C2019 Evaluation Canada

Bridges

We’ve chosen the theme Bridges for c2019. It’s certainly a geographically relevant theme as two Bridges span Halifax harbour connecting two sides of the city. Considering broader geography of the Maritimes, there is a Bridge to another province (Confederation bridge) and the well-known Canso Causeway – a bridge connecting Cape Breton Island to mainland Nova Scotia. However, the geographic relevance was not the only inspiration for our theme - we chose Bridges because of the broader connotations it offers for the field of evaluation locally, nationally and globally. It is our intent that our theme inspires delegates to reflect in ways that will add some originality to the term and make the conference memorable. 

Sub-theme 1: Bridges that connect

When you search the definition of the term bridge, you find some variant of ‘a structure built over/ around/ through/ across some obstacle’. We hope that this sub-theme will inspire conversations about the connections that have been built, sustained, or strengthened through evaluation theories and practice. This theme is an opportunity to share experiences about building and traveling bridges to overcome obstacles to evaluation activities.

Further, this sub-theme allows us to consider the role of evaluation in overcoming barriers to programming. Evaluators have a role in building bridges to overcome obstacles to program success by supporting programs in reaching their intended destinations in an efficient and effective manner. Engaging in evaluation may provide a means of improving connectivity amongst stakeholders; it can be an opportunity to strengthen collaborative efforts, build new relationships or enhance existing ones.

Sub-theme 2: Sustaining and using bridges

Building on the first sub-theme, sustaining bridges provides an opportunity to explore the role evaluation plays in supporting established connections. In some cases, bringing people together to make a difference is easy; sustaining the connection can be much more challenging. Physical bridges get eroded and worn down from the weather, natural occurrences and use; other bridges are built but not used as effectively as they could be and become neglected; still others lose their relevance as new methods overcoming barriers are established.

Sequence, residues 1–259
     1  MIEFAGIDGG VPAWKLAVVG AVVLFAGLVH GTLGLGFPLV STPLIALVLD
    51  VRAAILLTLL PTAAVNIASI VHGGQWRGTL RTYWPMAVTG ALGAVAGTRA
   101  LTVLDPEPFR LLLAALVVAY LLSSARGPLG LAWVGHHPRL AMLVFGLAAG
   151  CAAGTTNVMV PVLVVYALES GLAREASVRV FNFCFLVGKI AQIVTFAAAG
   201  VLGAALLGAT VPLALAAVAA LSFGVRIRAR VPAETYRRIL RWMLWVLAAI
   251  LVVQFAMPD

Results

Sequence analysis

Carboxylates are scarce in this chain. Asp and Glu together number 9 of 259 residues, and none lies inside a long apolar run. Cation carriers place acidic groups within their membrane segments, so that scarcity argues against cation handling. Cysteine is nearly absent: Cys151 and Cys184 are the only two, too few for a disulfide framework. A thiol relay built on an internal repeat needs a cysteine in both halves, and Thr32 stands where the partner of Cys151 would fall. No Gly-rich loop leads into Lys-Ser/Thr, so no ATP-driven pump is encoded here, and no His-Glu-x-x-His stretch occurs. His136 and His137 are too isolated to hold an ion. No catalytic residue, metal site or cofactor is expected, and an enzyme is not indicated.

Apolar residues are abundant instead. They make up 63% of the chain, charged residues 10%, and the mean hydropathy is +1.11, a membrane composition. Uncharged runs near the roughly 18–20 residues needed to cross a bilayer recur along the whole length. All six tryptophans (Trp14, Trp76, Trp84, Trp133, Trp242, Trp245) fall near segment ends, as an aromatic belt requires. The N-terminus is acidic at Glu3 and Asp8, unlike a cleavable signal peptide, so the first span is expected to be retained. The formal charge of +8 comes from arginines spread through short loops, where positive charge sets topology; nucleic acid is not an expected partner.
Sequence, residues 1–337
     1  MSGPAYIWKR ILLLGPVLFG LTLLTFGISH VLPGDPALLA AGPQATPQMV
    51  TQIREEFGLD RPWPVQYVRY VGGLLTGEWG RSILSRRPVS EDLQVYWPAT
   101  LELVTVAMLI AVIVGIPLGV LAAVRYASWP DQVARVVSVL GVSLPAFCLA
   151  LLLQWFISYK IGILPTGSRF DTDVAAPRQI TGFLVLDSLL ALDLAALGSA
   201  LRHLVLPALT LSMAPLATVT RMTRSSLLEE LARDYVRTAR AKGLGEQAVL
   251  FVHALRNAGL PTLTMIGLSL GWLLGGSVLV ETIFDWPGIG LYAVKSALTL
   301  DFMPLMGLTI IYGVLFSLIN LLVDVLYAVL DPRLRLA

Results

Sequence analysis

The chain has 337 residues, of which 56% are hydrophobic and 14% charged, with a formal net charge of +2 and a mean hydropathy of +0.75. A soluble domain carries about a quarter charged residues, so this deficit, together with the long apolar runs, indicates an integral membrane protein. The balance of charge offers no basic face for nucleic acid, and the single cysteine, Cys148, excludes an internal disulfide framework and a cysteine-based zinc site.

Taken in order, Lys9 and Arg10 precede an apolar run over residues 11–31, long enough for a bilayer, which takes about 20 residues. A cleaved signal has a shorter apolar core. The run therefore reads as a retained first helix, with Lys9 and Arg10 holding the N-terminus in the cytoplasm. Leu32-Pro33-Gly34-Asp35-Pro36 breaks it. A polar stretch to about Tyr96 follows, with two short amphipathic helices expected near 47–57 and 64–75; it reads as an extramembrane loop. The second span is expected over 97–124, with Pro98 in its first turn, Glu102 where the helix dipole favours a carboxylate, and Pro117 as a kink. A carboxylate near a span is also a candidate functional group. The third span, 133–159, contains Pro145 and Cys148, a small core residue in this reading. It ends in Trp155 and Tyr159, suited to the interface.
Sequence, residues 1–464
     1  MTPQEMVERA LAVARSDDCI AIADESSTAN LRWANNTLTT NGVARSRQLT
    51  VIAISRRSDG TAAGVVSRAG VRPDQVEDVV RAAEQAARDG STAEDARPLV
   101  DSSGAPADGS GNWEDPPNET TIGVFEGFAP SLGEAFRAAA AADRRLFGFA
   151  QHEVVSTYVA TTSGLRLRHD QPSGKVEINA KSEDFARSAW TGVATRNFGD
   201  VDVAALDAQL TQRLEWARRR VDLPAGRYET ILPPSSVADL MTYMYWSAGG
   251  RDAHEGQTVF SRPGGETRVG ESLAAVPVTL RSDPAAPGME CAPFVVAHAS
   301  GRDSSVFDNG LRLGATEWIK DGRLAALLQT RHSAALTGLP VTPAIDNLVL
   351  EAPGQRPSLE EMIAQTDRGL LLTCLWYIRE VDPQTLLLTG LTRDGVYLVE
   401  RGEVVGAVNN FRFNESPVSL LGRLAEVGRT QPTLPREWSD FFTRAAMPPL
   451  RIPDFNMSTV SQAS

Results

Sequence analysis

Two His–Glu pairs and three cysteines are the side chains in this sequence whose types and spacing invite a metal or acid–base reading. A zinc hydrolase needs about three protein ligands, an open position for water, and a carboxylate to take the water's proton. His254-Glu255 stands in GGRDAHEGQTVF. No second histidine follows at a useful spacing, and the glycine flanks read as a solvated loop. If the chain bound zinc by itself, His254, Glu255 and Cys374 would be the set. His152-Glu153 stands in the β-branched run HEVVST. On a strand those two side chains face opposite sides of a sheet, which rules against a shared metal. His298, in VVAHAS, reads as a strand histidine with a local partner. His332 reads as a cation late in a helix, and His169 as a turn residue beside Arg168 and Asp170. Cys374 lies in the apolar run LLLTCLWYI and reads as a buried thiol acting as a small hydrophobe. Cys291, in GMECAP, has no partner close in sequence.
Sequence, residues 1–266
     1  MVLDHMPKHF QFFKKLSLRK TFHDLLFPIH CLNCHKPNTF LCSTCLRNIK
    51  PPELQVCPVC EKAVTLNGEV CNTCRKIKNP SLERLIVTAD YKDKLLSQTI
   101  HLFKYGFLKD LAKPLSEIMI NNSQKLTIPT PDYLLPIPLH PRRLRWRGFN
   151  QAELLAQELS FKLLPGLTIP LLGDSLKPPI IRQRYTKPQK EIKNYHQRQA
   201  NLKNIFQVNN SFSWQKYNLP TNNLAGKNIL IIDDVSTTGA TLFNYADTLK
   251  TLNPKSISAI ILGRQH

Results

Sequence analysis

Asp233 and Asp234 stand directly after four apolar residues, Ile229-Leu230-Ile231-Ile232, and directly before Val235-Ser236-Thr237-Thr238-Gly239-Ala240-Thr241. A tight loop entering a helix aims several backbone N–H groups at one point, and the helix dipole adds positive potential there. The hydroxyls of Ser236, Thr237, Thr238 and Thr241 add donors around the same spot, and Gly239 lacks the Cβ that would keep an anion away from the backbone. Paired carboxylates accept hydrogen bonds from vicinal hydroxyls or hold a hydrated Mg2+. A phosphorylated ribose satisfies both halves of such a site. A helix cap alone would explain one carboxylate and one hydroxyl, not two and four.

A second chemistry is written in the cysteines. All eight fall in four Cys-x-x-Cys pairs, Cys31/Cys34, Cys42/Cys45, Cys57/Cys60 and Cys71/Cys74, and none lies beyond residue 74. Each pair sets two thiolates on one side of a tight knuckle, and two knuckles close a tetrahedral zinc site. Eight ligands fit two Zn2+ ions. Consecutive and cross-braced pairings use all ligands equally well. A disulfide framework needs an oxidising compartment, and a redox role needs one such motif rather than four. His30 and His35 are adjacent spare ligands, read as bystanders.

We hope this sub-theme inspires conversations about how to build sustainable bridges that can weather storms and be adapted as needed to remain useful. We invite delegates to consider bridges that need up-keep or new supports and which bridges are no longer needed because the purpose(s) for which they were built are no longer relevant.

Sub-theme 3: Stories from the ship’s bridge

Another meaning of a bridge (again, geographically relevant to the Maritimes) is ‘the elevated platform from which the captain steers a ship.’ From the bridge the captain has access to a broad view of the ship and the surrounding environment and access to a variety of navigational tools that allow an enhanced perspective from which to guide the ship, crew, passengers and cargo to its final destination. The captain is tasked with interpreting information from the various tools and devices that comprise the ship’s operational and navigation systems while also considering the broader system in which the ship is being navigated and the people on the ship. The Captain must consider the purpose of the journey, the abilities and limits of the ship’s crew, the nature of its cargo and passengers, resources available to complete the journey and the timeline to reach its final destination. Taking all this into account allows for in the moment decision making and continuous course-correction to allow the captain to optimally steer the ship through whatever it encounters on its journey.

This meaning of a bridge conjures notions of complex system evaluations, which we intend to inspire delegates to share their experiences in all aspects of this analogy - from providing leaders with the tools or data to inform decisions, to experiences that demonstrate the value of an evaluative lens for leaders in complex settings. When evaluators are invited to share the view from the bridge the breadth of perspective can enhance their thinking and practice. However, evaluators sometimes find themselves standing on the bridge alone, in the dark, during a raging storm, tasked with making recommendations about how to navigate rough seas using only their own experience and a tiny beacon of light from a far away light house as tools to guide them. Stories from the ship’s bridge will allow us to share lessons learned and innovations resulting from the experience of evaluative leadership in complex systems.

We hope that you’ll meet us on the bridge between theory and practice at the 2019 CES National Conference, which CES leaders and members have been building, sustaining and navigating from for 40 years. From here we will sustain and improve what we’ve built and seek guiding beacons of light on the horizon that will help us navigate unchartered and unknown frontiers.